past expiration day. Obviously you can buy the options
back anytime you want before expiration day
to prevent exercise.

For example, stock is at 3.00 and you sell some
2.50 puts. If stock drops to 2.50, you could buy
back the 2.50 puts and sell some 1.50 puts etc.
post #283 of 415
THANKS, Windo and Arthur- clears it up for me. Never sold (on covered positions) Puts before but have sold calls. Flip options a lot more but this scenario had me thinking- if it tanked harder and was exercised it could cost some change- technically the option could be exercised at any time provided the PPS is below the strike (on a PUT)...
post #284 of 415
Quote:
Originally Posted by ezrider View Post
- technically the option could be exercised at any time provided the PPS is below the strike (on a PUT)...
Normally options only get exercised if time value is out of them. Like say you sell a $21 put for $500 when stock is at $20 That option has $400 time value so doubt it could be exercised. But say stock drops to $1 and now the price of the $20 put is $19 or $1,900. There is zero time value there so it could be exercised.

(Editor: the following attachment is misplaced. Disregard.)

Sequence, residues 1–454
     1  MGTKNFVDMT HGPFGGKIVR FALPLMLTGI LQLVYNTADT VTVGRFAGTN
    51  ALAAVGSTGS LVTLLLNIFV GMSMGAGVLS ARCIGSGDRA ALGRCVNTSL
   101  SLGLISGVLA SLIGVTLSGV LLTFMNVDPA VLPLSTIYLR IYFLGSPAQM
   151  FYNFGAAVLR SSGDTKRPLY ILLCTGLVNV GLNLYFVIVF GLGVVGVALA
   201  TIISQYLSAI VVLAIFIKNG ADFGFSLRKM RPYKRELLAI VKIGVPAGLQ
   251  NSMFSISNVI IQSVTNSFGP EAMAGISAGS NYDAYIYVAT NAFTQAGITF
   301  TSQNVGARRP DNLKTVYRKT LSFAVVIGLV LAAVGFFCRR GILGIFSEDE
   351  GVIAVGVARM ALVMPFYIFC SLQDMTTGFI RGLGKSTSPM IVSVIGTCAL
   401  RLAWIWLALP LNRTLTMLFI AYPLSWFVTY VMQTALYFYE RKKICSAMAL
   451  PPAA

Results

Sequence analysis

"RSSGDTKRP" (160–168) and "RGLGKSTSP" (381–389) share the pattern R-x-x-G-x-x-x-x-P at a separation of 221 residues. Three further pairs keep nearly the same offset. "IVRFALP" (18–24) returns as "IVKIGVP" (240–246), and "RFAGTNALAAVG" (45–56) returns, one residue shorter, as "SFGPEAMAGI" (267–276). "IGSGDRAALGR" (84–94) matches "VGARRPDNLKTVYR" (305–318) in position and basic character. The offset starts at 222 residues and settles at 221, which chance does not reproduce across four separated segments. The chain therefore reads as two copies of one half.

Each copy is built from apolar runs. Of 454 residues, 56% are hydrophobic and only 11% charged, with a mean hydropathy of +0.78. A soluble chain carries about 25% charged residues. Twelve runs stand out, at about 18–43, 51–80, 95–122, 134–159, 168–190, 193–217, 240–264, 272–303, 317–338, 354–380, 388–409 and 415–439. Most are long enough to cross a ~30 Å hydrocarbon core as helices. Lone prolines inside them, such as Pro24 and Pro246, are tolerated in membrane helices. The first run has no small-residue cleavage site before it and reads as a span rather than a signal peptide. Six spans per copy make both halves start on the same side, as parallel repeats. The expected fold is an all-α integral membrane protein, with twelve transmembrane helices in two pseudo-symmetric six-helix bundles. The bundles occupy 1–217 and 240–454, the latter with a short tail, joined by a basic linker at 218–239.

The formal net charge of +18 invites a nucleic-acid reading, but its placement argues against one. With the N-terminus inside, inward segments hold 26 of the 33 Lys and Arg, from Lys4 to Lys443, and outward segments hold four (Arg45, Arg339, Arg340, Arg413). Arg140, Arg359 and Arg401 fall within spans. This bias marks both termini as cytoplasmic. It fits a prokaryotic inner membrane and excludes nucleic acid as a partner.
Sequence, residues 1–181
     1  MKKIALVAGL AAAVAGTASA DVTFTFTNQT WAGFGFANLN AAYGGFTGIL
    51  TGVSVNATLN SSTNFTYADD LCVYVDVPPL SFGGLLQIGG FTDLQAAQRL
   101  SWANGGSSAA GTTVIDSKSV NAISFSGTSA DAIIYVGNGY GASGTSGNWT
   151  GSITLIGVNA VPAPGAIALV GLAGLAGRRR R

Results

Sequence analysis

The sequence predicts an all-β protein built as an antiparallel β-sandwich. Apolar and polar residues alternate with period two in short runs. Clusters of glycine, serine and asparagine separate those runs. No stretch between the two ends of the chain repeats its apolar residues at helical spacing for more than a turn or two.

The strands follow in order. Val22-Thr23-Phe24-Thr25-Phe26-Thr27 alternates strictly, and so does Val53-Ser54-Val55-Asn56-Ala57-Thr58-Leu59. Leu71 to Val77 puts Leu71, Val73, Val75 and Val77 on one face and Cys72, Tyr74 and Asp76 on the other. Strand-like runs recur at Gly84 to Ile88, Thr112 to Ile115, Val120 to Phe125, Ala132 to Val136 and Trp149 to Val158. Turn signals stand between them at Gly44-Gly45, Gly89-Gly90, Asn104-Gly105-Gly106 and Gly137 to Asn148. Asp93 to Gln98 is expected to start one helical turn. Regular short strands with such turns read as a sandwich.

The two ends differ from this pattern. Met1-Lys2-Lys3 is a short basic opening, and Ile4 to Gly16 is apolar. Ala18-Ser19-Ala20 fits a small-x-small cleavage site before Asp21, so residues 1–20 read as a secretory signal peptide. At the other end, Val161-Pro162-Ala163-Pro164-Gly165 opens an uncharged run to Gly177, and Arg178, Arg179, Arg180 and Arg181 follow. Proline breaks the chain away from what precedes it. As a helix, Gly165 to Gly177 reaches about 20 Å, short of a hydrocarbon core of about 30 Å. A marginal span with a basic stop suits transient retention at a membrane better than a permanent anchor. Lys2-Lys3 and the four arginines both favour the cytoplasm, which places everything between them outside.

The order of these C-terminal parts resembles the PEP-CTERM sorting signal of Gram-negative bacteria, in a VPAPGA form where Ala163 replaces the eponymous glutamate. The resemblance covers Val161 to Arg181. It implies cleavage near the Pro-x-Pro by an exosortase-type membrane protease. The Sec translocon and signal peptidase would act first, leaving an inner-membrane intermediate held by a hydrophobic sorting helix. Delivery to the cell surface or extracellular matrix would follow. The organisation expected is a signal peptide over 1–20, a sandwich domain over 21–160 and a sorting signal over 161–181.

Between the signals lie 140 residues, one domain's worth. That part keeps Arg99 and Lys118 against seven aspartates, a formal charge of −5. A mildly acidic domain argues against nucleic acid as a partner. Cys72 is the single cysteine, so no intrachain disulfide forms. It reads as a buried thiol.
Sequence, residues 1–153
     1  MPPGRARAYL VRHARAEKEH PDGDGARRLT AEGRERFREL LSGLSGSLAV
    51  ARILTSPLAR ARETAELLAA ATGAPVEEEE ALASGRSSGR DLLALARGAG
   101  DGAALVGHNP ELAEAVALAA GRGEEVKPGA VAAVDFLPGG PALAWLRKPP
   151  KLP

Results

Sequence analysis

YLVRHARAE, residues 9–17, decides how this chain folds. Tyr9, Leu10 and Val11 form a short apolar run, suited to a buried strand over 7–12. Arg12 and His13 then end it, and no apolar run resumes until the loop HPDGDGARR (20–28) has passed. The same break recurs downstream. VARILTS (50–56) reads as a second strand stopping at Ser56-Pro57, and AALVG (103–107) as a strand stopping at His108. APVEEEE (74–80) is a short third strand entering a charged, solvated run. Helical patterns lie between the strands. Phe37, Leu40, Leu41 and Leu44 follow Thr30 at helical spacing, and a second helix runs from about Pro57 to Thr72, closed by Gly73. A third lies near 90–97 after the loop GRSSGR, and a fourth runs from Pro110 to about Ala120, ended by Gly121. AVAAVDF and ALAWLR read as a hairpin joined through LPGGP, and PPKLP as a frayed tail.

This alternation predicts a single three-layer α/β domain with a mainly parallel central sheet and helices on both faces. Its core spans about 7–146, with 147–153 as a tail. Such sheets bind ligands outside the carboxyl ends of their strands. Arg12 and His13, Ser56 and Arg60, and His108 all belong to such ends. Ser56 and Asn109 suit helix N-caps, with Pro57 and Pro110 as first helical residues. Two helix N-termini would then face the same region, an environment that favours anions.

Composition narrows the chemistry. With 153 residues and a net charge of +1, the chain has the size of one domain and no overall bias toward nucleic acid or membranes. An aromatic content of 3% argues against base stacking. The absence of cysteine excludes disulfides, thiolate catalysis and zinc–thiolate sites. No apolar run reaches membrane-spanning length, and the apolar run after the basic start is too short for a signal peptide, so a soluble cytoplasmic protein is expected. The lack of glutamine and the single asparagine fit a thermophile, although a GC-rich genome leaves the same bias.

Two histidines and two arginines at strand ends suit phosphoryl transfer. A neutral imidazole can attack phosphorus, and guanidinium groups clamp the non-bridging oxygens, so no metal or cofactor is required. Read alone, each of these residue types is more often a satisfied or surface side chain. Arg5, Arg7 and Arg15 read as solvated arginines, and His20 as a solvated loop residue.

But 99% of time, options won't get exercised till expiration. Some events like big dividend payments, splits ect can cause early exercise though.

In your example, sell 2.5 put for 1.75 when stock is at 0.75 ...
2.5 - 1.75 = 0.75
There is no time value there. It's all actual profit or intrinsic
value in option price. That is a dangerous trade because
that option could be exercised at any time. You would want
some time value to sell an option unless you are using selling
the short in the money put as a synthetic long stock position.

Look at it this way, say a stock is at $20 a share and the $21 put
is $500 The reason it doesn’t get exercised is no MM’s
would want to buy the option for $500, be short 100
Shares at 21 and be down $400.… no profit there.

Now say time value is gone… the 21 put is now priced
At $1 when stock is at 20 Say the spread is 0.80 to sell and